There are lots of standard “rules” for the creation of a CV or resume – rules that have been around for several years. Job candidates know, for example, that their physical addresses need not be included; they know that they must focus on achievements rather than just task responsibilities; they know that a photo of themselves is no longer considered appropriate. They even know that there are certain keywords for their professional skills which should be “dropped” into the document, in order to pass a digital scan.
There are some new additional “must haves” and “must not haves,” however, that may not yet be common knowledge. Here are 11 of them.
- You Should Have a Title or a Headline. Think about this for a minute. When a recruiter or hiring manager is looking at dozens or resumes in a short period of time, all of them generally look the same. The have the individual’s name at the top and then perhaps the title, “Professional Resume” centered below that. Or they may skip that title and just begin with the “Professional Summary.” You can put an engaging headline at the very top of your resume, and yours will grab some initial attention. Of course, your headline must relate to your career and/or the position for which you are applying, such as “Web designer with a Creative Edge.”
- Have that Resume Somewhere Online and Coordinate Everything: Maybe several places. If you have a website, it should obviously be there; it should be on your LinkedIn profile. And they should all be the same regarding the important things – education, experiences, dates of employment. And here is the other thing about that: whenever you post something on a social media, and it relates to your job or your background, be certain that it jibes with what your resume says. Everything must be in sync.
- Be Mindful of Short Attention Spans: The newest trend in resume writing is short, snackable one-liners, almost as if you tweeting. And this seems to be the trend with cover letters as well. If you can write one-line statements of accomplishments and then leave lots of white space in between, your reader ill snack on your resume more easily and focus on the line at hand, digesting it fully before moving the eye down to the next. If you must write longer prose, make it no more than three lines before you stick in some white space.
- Use Bullet Points in Cover Letter: Traditionally, cover letters have been in paragraph form and bullet points reserved for the resume. A new “must do” is to provide more white space in the cover letter as well, by highlighting your major related skills and experience with bullets. No prose should be more than two lines.
- Links to all Profiles in the Resume Document: Your social media profiles are a part of your resume now. So, be certain to provide links to all of them at the end of our resume.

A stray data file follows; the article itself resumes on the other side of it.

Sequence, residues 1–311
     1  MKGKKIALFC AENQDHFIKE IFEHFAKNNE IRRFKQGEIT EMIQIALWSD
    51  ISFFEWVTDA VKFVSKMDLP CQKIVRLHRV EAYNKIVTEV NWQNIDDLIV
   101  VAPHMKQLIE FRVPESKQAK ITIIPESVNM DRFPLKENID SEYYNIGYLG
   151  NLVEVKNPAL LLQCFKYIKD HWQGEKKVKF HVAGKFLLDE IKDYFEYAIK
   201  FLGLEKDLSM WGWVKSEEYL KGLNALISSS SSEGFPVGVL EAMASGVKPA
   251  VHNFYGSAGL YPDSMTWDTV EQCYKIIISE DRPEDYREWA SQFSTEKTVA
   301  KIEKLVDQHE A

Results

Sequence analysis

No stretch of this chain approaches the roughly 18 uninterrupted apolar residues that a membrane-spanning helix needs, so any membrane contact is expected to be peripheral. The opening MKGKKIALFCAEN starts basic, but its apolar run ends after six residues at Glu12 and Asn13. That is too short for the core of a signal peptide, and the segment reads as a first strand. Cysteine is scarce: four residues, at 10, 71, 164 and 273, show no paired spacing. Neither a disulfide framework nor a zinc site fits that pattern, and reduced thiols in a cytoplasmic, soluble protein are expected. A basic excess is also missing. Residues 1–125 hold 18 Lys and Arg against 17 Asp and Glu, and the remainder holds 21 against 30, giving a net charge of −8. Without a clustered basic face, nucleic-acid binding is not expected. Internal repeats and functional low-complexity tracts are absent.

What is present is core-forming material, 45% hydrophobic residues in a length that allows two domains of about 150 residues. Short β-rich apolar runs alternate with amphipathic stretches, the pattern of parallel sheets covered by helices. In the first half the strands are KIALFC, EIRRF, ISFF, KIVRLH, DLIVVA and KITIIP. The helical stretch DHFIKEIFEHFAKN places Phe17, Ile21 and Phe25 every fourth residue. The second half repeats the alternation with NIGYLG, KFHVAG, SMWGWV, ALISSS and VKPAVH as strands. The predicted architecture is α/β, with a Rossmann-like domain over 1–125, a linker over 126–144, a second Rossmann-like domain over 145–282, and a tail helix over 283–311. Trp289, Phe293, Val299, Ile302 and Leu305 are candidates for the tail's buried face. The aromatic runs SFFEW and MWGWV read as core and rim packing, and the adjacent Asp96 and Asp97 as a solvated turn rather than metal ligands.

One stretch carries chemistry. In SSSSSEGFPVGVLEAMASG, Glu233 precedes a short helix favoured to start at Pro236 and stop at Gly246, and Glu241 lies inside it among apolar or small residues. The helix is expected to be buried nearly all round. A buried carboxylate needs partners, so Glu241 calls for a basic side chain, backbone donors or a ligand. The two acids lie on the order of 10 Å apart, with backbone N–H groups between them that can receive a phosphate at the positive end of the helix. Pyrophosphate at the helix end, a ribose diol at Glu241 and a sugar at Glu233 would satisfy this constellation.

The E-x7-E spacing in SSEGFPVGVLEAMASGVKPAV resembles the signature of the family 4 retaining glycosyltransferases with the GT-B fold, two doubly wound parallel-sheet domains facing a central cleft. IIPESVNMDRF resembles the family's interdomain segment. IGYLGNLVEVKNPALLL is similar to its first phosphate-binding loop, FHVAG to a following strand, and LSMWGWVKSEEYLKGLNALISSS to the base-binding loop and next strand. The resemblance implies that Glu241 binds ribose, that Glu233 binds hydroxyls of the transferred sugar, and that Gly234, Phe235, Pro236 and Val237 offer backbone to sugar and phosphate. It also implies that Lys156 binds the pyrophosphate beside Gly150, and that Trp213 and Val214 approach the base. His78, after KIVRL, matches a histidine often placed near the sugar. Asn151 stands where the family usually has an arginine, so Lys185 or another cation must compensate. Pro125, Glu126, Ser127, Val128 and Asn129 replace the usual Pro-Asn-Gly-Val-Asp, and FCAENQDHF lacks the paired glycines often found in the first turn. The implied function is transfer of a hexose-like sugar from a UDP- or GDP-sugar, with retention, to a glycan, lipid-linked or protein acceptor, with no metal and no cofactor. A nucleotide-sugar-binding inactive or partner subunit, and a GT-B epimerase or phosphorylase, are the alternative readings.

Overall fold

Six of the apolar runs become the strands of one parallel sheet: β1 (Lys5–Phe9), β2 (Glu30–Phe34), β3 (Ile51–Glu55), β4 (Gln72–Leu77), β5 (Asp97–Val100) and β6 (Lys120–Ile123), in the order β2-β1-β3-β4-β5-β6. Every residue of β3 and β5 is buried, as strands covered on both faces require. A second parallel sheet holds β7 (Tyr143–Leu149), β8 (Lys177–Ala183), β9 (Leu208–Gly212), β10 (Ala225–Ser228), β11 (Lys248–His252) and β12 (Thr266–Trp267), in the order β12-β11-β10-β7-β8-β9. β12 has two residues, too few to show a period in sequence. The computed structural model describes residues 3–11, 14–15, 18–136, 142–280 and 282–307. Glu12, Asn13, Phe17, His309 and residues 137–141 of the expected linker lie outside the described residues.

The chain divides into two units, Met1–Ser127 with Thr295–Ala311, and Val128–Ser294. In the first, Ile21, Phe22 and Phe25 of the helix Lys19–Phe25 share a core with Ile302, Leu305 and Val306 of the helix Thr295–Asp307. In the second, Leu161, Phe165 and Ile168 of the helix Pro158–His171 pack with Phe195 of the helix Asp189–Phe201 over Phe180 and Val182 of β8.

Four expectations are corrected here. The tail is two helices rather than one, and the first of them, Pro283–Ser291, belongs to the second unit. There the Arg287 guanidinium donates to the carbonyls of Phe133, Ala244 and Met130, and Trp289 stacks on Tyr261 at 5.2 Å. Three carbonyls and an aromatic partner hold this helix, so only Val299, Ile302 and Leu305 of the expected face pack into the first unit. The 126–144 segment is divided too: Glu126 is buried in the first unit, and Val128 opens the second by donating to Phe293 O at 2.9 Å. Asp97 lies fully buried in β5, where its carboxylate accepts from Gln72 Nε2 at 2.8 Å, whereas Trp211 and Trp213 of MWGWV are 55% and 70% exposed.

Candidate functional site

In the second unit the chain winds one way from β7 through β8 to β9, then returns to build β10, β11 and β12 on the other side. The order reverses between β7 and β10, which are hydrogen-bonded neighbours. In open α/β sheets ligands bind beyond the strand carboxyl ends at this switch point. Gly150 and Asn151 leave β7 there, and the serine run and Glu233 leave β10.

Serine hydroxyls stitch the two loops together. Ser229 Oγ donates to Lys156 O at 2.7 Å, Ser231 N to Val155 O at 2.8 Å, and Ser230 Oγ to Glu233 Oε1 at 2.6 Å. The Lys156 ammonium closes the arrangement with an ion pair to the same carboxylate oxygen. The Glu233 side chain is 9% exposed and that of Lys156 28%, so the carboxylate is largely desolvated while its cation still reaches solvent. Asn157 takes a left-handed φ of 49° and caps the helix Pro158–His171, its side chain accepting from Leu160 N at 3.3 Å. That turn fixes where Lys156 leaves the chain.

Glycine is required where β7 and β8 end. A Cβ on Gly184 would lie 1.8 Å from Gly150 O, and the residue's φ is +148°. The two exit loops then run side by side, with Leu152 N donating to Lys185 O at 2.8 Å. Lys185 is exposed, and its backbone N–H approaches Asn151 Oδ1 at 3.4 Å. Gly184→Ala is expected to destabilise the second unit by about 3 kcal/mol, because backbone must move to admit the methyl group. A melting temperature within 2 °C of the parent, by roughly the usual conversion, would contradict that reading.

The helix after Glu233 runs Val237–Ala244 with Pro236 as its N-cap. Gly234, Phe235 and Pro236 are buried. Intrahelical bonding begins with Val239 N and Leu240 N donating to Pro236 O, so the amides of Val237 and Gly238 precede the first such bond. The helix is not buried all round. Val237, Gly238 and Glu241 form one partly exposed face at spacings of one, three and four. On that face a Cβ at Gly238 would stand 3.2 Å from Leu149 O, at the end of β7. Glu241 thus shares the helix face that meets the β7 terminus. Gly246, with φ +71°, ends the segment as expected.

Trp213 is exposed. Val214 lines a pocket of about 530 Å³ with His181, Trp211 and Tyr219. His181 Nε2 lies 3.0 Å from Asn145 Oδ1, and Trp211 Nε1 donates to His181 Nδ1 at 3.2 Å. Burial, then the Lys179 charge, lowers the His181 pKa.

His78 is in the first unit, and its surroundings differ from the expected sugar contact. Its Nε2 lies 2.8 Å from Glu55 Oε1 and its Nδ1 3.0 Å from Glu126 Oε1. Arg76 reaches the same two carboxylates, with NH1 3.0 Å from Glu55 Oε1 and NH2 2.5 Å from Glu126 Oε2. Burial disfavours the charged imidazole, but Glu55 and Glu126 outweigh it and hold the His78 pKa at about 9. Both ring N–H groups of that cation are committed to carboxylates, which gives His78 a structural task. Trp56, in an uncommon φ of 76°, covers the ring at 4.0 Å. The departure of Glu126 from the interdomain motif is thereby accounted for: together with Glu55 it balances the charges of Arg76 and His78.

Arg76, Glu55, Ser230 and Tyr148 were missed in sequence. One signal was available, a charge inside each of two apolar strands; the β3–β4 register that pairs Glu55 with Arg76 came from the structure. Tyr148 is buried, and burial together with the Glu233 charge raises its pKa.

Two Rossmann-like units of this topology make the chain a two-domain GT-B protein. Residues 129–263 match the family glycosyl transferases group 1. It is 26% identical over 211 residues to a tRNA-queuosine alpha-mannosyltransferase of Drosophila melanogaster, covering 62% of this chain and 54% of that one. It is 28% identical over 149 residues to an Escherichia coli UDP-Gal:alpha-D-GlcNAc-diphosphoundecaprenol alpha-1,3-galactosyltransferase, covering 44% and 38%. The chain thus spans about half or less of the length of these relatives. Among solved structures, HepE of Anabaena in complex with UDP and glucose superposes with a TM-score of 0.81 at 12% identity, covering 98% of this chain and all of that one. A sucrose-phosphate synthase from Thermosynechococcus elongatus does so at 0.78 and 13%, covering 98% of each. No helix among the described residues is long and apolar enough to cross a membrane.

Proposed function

- Add Some Color
Using color does spruce up your document. Use colors that are a match for the “culture” of each organization to which you are applying. Navy and Maroon are good for more conservative organizations; splashier colors are okay for “looser” more progressive companies. Colors are good as borders, for you name, and as dividers between sections of your document. If the company has a website, check out the colors they use, and use the same ones – it’s a psychological thing, but it does help you stand out.
It is considered a good idea to attach additional applicant materials that is relevant to the position as appendices to your resume. This is more convenient for the reader than accessing those materials online.
- Keywords as Close to the top as Possible
Get those keywords in toward the top of your resume. Put as many as you can and still sound reasonable in your professional summary
This may be subtle or overt. Your “brand,” which should include both hard and soft skills can be presented in your summary of scattered throughout your work experience.
- Less is Better
As short as you can make your document, the better chance you will have that it is read in its entirety, as long as it makes it through the digital scanning. Experienced candidates may go two pages; entry level candidates should shoot for one page. If you can add appendices, as previously mention, these can provide additional information for an interested recruiter or hiring manager.
- Understand that Resumes are Here for a While Yet
There are many who predict that the time for submission of a resume is fast disappearing. Such predictors say that as long as you have the necessary education and work experience online, on your social media profiles, on your blog or personal website, all you need do is send over a “cover letter” with links to all of these things. But her is the thing: recruiters and hiring managers are busy people. They tend to want things right there in front of them, rather than being forced to click links to find you and your brand on several different places. The ultimate solution may be to have your own website that a potential employer can navigate through to get a holistic picture of you. That person then needs to only make one click-through. The day will probably come when this is the preferred method of screening candidates. For now, however, take these suggestions and see to it that your resume stands out.
Resumes Are Not Going Away
Articles prophesying the death of the resume seem to surface at least once every year. I don’t claim to have a crystal ball, but I believe resumes are here to stay. Not too many people get hired these days without having to turn in a resume. They may not be the centerpiece of the job search as they were years ago (although many job-seekers tend to cling to them, hyper-focusing on them as the magic bullet that will allow them to escape the necessity of networking), but resumes continue to remain a vital element in job search.